Planning and Forecasting
Environmental Planning, Forecasting, and Responsiveness
The whole point of increasing internal integration and shifting to a more organic designOpens in new window is to enhance the organization’s ability to quickly respond to sudden changes in an uncertain environmentOpens in new window.
It might seem that in an environment where everything is changing all the time, planning is useless. However, in uncertain environmentsOpens in new window, planning and environmental forecasting actually become more important as a way to keep the organization geared for a coordinated, speedy response.
When the environment is stable, the organization can concentrate on current operational problems and day-to-day efficiency. Long-range planning and forecasting are not needed because environmental demands in the future will be much the same as they are today.
With increasing environmental uncertaintyOpens in new window, planning and forecasting become necessary.
Indeed, surveys of multinational corporations have found that as environments become more turbulent, managers increase their planning activities, particularly in terms of planning exercises that encourage learning, continual adaptation, and innovation.
For example, following the September 11, 2001, terrorist attacks in the United States, there was a surge in the use of scenario and contingency planning as a way to manage uncertainty.
With scenario planningOpens in new window, managers mentally rehearse different scenarios based on anticipating various future changes that could affect the organization.
Scenarios are like stories that offer alternative, vivid pictures of what the future will look like and how managers will respond.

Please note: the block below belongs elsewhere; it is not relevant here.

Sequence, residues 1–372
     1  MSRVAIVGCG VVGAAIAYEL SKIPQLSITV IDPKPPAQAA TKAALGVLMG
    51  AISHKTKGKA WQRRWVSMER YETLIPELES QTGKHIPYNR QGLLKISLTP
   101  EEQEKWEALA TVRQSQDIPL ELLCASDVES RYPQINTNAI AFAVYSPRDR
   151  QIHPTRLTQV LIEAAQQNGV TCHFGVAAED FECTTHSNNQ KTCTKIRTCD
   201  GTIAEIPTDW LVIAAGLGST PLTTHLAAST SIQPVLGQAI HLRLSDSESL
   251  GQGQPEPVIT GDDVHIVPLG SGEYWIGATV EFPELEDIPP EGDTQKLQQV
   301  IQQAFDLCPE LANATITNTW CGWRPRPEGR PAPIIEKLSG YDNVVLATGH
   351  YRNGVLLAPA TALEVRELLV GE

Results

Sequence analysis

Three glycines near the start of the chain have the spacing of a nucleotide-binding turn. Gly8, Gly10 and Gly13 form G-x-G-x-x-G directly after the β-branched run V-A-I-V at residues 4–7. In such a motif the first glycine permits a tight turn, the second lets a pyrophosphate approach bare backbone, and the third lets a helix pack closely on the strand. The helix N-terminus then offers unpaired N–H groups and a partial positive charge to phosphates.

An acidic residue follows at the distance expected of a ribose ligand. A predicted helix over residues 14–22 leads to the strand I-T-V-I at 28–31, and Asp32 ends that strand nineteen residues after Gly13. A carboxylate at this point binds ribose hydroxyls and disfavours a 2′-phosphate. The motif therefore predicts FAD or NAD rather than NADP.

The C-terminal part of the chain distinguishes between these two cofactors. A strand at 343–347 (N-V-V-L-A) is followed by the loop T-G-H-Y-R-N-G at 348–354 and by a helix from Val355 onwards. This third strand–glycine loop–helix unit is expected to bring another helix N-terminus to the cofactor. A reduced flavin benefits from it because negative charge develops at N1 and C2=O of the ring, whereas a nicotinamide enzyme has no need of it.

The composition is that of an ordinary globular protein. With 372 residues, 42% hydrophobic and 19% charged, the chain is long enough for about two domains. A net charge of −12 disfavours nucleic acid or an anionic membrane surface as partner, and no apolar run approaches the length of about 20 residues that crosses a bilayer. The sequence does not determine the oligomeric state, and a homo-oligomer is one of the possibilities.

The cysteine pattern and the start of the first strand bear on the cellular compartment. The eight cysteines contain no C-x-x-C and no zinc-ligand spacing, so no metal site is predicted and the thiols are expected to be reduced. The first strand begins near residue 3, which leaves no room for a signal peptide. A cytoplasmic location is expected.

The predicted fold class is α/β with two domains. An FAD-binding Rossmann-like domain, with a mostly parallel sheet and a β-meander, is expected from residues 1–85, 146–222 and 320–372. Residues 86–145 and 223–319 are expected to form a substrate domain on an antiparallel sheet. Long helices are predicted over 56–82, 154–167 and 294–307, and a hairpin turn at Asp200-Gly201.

Royal Dutch/Shell OilOpens in new window has long used scenario building and has been a leader in speedy response to massive changes that other organizations failed to perceive until it was too late. Planning can soften the adverse impact of external shifts.
Organizations that have unstable environments often establish a separate planning department. In an unpredictable environment, planners scan environmental elements and analyze potential moves and countermoves by other organizations.
Planning, however, cannot substitute for other actions, such as effective boundary spanningOpens in new window and adequate internal integrationOpens in new window and coordinationOpens in new window.
The organizations that are most successful in uncertain environments are those that keep everyone in close touch with the environment so they can spot threats and opportunities, enabling the organization to respond immediately.
Framework for Adapting to Complexity and Dynamism
Figure X-7 summarizes the ways in which environmental uncertainty influences organizational characteristics. The complexity and dynamism dimensions are combined and illustrate four levels of uncertainty.
The low uncertainty environment is simple and stable. Organizations in this environment can have few departments and a mechanistic design.
In a low-moderate uncertainty environment, more departments are needed, along with more integrating roles to coordinate the departments. Some planning may occur.
Environments that are high-moderate uncertainty are simple but unstable. Organization design is organic and decentralized. Planning is emphasized, and managers are quick to make internal changes as needed.
The high uncertainty environment is both complex and unstable and is the most difficult environment from a management perspective. Organizations are large and have may departments, but they are also organic.
A large number of management personnel are assigned to coordination and integration, and the organization uses boundary spanning, planning, and forecasting to enable a high-speed response to environmental changes.
- Organizational EnvironmentOpens in new window
- Environmental UncertaintyOpens in new window
- Adapting to Complexity and DynamismOpens in new window
- Differentiation and IntegrationOpens in new window
- Planning, Forecasting, and ResponsivenessOpens in new window
- Abundance/Scarcity of Needed Financial ResourcesOpens in new window
- Research data for this work have been adapted from the manual:
- Organization Theory & Design By Richard L. Daft